No. 268, Docket 31866.United States Court of Appeals, Second Circuit.Argued January 15, 1968.
Decided January 18, 1968.
Jacob Rassner, New York City, Nathan Gottesman, Brooklyn, for plaintiff-appellant.
William F. McNulty, New York City, (Daniel J. Coughlin, New York City, on the brief), for defendant-appellee.
Before LUMBARD, Chief Judge, and WATERMAN and FEINBERG, Circuit Judges.
This appeal by plaintiff from a judgment entered on a jury verdict of $1800 in his favor following the second trial of his action in the Eastern District presents the question whether Judge Dooling, who presided at the first trial, abused his discretion in ordering that the entire action be retried unless the plaintiff
agreed to remit a portion of the $25,000 jury verdict awarded to plaintiff in that first trial. We hold that there was no abuse of discretion and affirm the judgment.
Plaintiff brought suit for personal injuries suffered while employed as a longshoreman aboard defendant’s ship. The original trial before Judge Dooling and a jury in the District Court for the Eastern District of New York resulted in a jury verdict of $25,000 for the plaintiff. Defendant moved for a new trial, and Judge Dooling ordered that the verdict be set aside and a new trial granted unless plaintiff would remit $12,000 of the $25,000 verdict. Plaintiff declined to remit the $12,000, and the case was then retried before Judge Bartels and a jury, resulting in a jury verdict of $1800 for the plaintiff. From the judgment entered on this verdict, the plaintiff appeals, claiming that there was no basis for Judge Dooling to impose the remittitur after the first trial and that Judge Dooling erred in ordering a new trial of the entire action rather than only on the issue of damages.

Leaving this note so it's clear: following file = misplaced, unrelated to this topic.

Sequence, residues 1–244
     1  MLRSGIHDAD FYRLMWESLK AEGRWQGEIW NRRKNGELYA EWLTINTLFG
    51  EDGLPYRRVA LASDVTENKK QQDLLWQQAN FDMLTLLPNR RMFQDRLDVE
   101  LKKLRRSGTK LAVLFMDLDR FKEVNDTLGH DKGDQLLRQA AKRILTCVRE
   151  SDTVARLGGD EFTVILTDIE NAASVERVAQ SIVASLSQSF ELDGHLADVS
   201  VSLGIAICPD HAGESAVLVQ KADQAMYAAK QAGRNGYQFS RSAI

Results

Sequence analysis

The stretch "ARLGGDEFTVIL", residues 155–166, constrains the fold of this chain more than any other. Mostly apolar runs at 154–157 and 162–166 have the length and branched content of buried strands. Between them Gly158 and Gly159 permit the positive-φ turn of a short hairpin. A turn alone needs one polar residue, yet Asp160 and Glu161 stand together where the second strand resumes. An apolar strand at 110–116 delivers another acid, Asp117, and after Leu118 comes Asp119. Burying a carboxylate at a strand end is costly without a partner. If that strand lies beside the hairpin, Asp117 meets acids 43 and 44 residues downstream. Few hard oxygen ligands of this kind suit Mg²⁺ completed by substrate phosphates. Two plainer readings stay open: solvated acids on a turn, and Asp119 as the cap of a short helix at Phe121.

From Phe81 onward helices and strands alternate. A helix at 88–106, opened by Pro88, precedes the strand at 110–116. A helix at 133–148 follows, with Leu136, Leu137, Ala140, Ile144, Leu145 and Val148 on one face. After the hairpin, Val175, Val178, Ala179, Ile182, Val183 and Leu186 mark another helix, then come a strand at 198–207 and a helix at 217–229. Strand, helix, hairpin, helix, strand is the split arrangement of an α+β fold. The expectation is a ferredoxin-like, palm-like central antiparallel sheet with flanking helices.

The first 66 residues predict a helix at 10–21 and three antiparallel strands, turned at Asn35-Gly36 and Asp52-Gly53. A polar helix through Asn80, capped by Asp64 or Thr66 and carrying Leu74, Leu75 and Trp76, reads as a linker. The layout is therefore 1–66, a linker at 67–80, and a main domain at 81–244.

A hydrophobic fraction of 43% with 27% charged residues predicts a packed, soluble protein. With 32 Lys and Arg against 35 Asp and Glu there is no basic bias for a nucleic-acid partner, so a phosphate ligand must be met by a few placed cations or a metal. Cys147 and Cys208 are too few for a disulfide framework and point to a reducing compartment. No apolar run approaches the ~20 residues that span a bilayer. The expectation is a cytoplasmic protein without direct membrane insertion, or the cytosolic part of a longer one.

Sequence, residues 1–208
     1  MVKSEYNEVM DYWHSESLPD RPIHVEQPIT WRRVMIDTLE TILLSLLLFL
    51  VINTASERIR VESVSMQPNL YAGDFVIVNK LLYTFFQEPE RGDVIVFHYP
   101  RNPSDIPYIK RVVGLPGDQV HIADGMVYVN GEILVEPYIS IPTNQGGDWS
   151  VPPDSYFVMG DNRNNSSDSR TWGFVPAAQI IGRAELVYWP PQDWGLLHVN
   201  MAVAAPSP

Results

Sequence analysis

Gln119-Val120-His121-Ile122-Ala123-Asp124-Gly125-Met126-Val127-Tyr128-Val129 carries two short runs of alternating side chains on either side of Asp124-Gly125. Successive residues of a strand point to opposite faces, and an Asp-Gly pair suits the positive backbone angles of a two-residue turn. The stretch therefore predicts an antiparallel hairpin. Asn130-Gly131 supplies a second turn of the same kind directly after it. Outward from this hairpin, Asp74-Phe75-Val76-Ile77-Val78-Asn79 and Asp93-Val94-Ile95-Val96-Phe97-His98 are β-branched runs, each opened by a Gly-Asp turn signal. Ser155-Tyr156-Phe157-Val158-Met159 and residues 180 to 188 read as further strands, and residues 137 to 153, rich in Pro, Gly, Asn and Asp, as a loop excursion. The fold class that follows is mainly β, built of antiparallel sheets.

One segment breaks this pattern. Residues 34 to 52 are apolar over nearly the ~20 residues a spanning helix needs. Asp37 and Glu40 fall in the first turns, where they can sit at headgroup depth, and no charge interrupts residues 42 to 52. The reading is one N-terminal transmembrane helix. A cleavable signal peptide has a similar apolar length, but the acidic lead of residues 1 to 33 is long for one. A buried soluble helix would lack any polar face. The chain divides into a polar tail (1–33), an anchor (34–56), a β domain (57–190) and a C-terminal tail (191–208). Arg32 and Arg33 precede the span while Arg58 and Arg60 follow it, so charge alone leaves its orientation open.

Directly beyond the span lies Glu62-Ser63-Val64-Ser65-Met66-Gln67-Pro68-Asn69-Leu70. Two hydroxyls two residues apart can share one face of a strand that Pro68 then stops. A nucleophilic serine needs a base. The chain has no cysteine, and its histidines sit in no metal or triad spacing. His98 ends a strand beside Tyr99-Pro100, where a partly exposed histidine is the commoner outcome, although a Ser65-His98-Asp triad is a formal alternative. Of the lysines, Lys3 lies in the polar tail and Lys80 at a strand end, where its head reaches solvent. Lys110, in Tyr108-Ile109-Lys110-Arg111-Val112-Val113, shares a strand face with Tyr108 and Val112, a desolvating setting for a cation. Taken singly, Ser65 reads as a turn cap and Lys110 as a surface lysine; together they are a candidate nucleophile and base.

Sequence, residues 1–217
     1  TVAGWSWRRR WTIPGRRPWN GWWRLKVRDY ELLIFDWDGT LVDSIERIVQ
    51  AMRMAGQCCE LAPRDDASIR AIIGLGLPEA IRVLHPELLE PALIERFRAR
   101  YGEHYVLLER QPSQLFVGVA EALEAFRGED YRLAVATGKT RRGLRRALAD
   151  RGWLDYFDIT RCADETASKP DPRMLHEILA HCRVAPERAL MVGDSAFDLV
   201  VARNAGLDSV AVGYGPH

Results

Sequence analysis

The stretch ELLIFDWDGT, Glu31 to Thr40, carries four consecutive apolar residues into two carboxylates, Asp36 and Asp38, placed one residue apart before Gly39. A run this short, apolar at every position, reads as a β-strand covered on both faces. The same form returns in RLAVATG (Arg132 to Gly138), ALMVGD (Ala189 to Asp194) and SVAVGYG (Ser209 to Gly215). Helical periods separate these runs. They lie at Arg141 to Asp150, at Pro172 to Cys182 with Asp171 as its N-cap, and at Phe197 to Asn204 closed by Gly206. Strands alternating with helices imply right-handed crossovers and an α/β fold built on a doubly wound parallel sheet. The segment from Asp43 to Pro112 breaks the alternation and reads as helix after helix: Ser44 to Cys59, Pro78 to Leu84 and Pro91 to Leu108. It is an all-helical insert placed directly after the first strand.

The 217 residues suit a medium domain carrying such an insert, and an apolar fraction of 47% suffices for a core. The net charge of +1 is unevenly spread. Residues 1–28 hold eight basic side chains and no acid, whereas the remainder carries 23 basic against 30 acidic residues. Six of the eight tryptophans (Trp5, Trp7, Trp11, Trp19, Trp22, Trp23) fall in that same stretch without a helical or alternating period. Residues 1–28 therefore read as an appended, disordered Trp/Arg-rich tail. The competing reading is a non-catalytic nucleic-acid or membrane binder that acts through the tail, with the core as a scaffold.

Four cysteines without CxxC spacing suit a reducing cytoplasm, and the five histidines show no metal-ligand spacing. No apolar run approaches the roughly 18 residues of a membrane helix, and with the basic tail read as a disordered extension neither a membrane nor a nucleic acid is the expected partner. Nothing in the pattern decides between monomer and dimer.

Whether a verdict is excessive and whether a new trial should be granted pursuant to a motion under Rule 59 of the Federal Rules of Civil Procedure are questions addressed to the discretion of the trial judge. Considering the evidence on the issue of damages, we find no abuse of discretion by Judge Dooling in ordering that the action be retried unless the plaintiff agreed to remit $12,000 of the jury’s verdict.
Where the district court has determined that the verdict is so excessive as to require a new trial, the question whether the retrial should relate to the issue of liability as well as to the issue of damages is likewise addressed to the discretion of the trial judge. In the present case, where the doctrine of comparative negligence is involved and the amount of plaintiff’s damages is related to the issue of plaintiff’s contributory negligence, it seems entirely proper to retry the entire action and not to limit the issue on retrial to the amount of plaintiff’s damages. The appellant has cited no precedent to the contrary. Again, we find that there was no abuse of discretion by Judge Dooling.
The judgment is affirmed.